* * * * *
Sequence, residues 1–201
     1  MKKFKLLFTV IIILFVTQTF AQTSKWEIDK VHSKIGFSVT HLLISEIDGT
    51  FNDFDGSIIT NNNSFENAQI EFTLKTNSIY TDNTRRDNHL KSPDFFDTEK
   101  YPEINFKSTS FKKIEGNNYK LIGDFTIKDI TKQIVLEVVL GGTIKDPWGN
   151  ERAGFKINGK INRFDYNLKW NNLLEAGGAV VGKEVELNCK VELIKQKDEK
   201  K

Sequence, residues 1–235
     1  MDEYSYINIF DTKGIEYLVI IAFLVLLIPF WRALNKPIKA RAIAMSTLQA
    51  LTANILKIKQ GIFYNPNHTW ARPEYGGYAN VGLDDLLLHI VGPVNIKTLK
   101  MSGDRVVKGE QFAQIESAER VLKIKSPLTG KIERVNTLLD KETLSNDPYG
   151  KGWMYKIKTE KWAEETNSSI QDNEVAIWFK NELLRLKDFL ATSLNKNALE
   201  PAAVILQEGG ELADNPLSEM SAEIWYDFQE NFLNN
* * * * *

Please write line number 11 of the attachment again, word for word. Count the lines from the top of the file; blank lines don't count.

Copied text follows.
   151  KGWMYKIKTE KWAEETNSSI QDNEVAIWFK NELLRLKDFL ATSLNKNALE